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Walker plane crash initial report released

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    State police, the New England Fire Company, and the coroner are on the scene of a plane crash Friday. COPYRIGHT LARRY NEFF/SPECIAL TO THE TIMES NEWS

Published November 05. 2019 11:46AM

 

The National Transportation Safety Board has released official details of a fatal glider crash outside Tamaqua last month. The report says that no significant factors other than a possible weak thermal that the pilot reported to his friends during the flight played a role in the crash.

The event claimed the life of William D. Hanson, 65, of Queens, New York. Hanson was a commercial pilot with over 300 hours of flight experience.

According to the report on the Oct. 18 crash, the Sportine Aviacija Lak-17B motorized glider was one of three gliders taking part in a flight from Blairstown Airport, New Jersey, to Burnt Cabins, Pennsylvania, and back.

Weather that day was clear skies.

Hanson’s fellow glider pilots that day told investigators that they had kept in radio contact with each other during the flight.

The person, who was not identified, also said that at around 3:15 p.m., Hanson radioed that he was climbing in a weak thermal near Tamaqua. That was the last communication sent by Hanson.

At 3:42 p.m., Hanson’s glider crashed in a heavily wooded area of Wildcat Mountain near Lewistown Valley Tabernacle in Walker Township. Hanson was pronounced dead just after 6:30 p.m. by Schuylkill County deputy coroner Albert “Bud” Barnes.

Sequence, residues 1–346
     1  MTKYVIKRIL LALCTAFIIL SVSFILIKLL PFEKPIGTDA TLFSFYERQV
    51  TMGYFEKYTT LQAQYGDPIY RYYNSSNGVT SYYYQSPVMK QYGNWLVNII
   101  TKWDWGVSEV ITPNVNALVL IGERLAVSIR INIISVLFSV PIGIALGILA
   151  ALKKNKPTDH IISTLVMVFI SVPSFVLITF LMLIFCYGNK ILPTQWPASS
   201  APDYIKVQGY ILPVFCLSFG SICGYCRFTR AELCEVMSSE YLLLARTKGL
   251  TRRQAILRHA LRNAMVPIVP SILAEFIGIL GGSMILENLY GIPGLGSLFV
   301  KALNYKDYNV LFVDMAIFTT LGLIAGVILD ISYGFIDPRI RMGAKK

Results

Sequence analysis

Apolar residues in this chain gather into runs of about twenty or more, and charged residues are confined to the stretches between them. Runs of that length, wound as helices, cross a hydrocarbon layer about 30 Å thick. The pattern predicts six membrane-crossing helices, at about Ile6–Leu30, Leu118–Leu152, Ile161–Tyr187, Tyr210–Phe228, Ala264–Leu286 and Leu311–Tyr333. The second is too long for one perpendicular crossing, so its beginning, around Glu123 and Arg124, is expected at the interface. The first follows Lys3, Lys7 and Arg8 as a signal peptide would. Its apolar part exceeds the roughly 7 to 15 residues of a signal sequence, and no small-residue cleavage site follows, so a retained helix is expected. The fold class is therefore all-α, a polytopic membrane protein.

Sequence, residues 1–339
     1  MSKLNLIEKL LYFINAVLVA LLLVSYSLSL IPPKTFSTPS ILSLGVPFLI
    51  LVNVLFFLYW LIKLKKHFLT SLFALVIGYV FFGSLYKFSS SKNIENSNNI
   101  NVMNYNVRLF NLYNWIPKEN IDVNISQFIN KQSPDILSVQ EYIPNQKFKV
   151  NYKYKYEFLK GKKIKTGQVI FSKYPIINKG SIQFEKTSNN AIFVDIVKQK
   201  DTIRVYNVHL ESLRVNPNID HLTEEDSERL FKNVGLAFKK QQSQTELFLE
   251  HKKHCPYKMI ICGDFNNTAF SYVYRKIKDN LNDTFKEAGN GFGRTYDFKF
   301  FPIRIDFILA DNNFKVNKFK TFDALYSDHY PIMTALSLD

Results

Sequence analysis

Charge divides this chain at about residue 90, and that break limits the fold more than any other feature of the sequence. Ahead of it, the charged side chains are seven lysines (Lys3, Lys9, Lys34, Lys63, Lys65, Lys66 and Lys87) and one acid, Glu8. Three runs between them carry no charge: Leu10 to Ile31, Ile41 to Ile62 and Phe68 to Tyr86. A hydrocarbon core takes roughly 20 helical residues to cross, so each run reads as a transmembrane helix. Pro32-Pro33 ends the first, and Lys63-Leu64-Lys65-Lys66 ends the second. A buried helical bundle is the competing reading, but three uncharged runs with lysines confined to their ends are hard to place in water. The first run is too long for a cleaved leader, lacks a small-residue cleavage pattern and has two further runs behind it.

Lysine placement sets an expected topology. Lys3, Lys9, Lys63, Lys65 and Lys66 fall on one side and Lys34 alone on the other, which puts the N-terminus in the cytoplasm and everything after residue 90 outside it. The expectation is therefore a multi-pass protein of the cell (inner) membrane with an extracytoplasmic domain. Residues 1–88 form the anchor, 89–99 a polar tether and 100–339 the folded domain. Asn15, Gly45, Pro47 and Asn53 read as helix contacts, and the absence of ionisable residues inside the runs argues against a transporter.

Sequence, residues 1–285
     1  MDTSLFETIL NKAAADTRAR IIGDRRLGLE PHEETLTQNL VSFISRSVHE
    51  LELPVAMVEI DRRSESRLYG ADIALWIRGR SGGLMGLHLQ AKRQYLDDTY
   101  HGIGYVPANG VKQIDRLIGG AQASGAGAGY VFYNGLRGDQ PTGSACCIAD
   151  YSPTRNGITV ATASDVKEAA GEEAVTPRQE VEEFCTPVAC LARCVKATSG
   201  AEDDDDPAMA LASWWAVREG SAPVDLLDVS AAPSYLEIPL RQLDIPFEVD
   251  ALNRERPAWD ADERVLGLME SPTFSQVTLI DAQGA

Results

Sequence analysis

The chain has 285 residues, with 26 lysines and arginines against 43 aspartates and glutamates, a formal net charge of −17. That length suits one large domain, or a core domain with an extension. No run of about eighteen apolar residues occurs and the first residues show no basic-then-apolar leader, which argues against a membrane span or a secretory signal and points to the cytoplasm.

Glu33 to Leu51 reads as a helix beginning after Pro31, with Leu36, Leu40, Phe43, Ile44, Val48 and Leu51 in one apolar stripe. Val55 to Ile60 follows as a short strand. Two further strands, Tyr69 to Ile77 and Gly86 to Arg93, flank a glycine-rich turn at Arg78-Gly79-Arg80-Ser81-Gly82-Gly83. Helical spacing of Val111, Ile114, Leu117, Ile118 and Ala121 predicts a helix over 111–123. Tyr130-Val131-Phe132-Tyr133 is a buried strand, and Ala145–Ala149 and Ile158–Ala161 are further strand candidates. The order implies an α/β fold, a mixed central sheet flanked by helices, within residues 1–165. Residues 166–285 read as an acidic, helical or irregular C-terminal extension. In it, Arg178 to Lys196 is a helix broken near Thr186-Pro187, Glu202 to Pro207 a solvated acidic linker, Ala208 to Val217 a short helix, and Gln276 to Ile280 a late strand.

Moylan said the emergency call came in at 4 p.m. A passing motorist saw the plane go down and called 911.

The glider plane was found in pieces after it apparently went down into a patch of bushes.

Emergency responders used 4-wheel all-terrain vehicles to reach the wreckage, which was in pieces.

Barnes said the experimental aircraft was made of fiberglass and apparently “just kind of came apart” in the crash.

The report says that the wreckage, which was sent to the National Transportation Safety Board Vehicle Recorders Laboratory in Washington, D.C., was substantial with the cockpit, canopy and nose crushed and instrument panel destroyed.

Investigators pointed out that visual meteorological conditions prevailed and no flight plan for the glider was filed the day of the crash.

 

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